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Developing a local diabetes network in Devon to reduce diabetic foot disease

Annika Palmer, Susan Pyle
In 2012, healthcare professionals and patients at the Royal Devon and Exeter NHS Foundation Trust came together as a voluntary network to take action to reduce the increasing number of diabetes-related amputations in the county. As a result, they introduced a package of online and education resources for patients and healthcare professionals. Since 2012, the rate of major lower-limb (above ankle) amputations per 1,000 with diagnosed diabetes in the eastern locality has reduced from 1.4 per 1,000 between 2009-12 to 0.6 per 1,000 between 2014-16. Within 6 weeks of launching the online e-learning resources, 117 healthcare professionals had accessed the e-learning compared to 73 healthcare professionals who accessed face-to-face training in the previous 2 years.

Devon has 48,000 people living with diabetes and it is estimated that a further 16,340 are currently living with undiagnosed diabetes. Between 2011–2014 in Devon, the rate of all (major and minor) lower-limb amputations per 1,000 people with diagnosed diabetes was 3.9 per 1,000 — or 506 amputations per year — compared to a national average of 2.6/1000. In the same period, Devon saw the second highest amputation rate in the South West of England and the 12th highest in England. North, East and West (NEW) Devon CCG were forecasting increases in major and minor amputations due to the predicted increase in the prevalence of diabetes.

The Improving Diabetic Foot Faculty (IDFF) was initially established by a lead podiatrist at the Royal Devon and Exeter Hospital in an attempt to reverse this trend and to address the lack of coordination between primary and secondary care.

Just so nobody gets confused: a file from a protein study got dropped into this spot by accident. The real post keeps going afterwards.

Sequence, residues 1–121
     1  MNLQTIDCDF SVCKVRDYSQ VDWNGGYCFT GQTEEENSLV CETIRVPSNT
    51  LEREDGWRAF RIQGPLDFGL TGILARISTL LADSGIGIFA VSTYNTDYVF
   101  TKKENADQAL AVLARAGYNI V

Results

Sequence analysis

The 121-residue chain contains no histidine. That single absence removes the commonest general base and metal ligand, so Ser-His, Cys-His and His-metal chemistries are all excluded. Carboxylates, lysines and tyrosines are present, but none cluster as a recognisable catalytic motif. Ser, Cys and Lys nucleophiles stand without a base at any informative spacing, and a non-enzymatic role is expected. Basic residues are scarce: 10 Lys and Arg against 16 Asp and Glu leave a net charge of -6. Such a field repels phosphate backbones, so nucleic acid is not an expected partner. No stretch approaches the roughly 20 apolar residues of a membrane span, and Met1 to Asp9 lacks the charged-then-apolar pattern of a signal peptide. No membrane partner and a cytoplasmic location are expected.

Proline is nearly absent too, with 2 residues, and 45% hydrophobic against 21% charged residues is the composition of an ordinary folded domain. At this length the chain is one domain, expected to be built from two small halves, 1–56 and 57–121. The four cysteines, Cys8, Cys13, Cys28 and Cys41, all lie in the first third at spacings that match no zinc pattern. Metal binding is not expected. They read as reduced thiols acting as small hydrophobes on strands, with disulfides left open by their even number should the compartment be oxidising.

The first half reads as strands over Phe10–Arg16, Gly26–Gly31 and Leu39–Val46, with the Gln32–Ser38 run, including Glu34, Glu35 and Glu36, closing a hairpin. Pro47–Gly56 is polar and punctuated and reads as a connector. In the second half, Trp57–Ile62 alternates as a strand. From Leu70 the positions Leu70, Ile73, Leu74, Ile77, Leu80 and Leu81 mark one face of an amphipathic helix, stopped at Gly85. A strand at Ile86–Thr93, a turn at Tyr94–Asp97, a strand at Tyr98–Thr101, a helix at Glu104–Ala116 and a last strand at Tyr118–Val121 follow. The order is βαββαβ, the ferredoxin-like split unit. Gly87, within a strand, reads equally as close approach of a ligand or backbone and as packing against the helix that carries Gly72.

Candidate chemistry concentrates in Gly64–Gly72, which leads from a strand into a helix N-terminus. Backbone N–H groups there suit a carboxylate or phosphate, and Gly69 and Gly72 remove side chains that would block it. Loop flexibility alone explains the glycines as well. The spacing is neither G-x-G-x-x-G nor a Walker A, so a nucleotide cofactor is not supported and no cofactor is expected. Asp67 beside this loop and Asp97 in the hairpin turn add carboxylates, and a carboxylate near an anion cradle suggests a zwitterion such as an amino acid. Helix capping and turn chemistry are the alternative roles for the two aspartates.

The former model of care was impacting patients in a number of ways:

  • There was no evidence of providing patients with awareness of risks and there was a lack of reinforcement of messages
  • There was inconsistent practice across Devon in offering up-to-date education on foot care and only 25% of 100 consecutive podiatry notes recorded the offer in patient notes
  • A qualitative survey in 2012 within primary care revealed that 26% of respondents from practice nurses had not received any formal training in diabetic foot assessment and this was potentially resulting in delayed referrals to acute podiatry services. Forty-nine per cent of referrals were late referrals from GP practices
  • There was no evaluation and assessment of the impact of advice provided to patients. No NICE-compliant, structured education was commissioned for those newly diagnosed with type 2 diabetes.

Developing the network
In November 2012, a voluntary group of healthcare professionals (HCPs) who work within and manage diabetes services in Devon came together to develop a network that also included patient representatives. More recently, the IDFF has expanded to include colleagues from South Devon and Torbay NHS Trust, as well as colleagues from primary care, Diabetes UK and support from a pharmaceutical company who have supported the development of type 2 diabetes group education.

The IDFF made driving down the rate of amputation its key priority. As a result of action learning, which brought peers together in a supportive environment, and cardiovascular best practice sharing between healthcare professionals involved in the network, a range of resources and tools have been developed to promote consistency and standardisation of practice across Devon.

Education for people with diabetes
A package of education resources have been developed in accordance with NICE guidelines to help develop patient knowledge and understanding. These include:

  • SOS emergency access cards for when a ‘foot attack’ occurs (Figure 1)
  • Ten steps visual aid posters for patients on daily prevention, causes of ulceration, foot checks, warning signs, annual reviews and how to do a foot check (Figure 2)
  • Education ‘flashcards’ available in waiting rooms
  • Education on foot care available on VDU screens in waiting rooms
  • Face-to-face training sessions with patients.

Each time a patient is seen in clinic, they are exposed to NICE-compliant education and this is supported by advice and recorded on their treatment plan.

Education for healthcare professionals
A package of education resources have been developed for healthcare professionals as a prompt for provision of optimum foot care. These include:

  • Ten steps to education, wound care, caring for feet in hospital and provision of antibiotics (Figure 3)
  • Education flyers produced for HCPs on peripheral neuropathy and Charcot foot (Figure 4)
  • Structured education relating to diabetic foot disease for healthcare providers. This takes the form of dedicated study days for HCPs and patient education sessions for newly diagnosed people with diabetes or diabetic foot disease (Figure 5)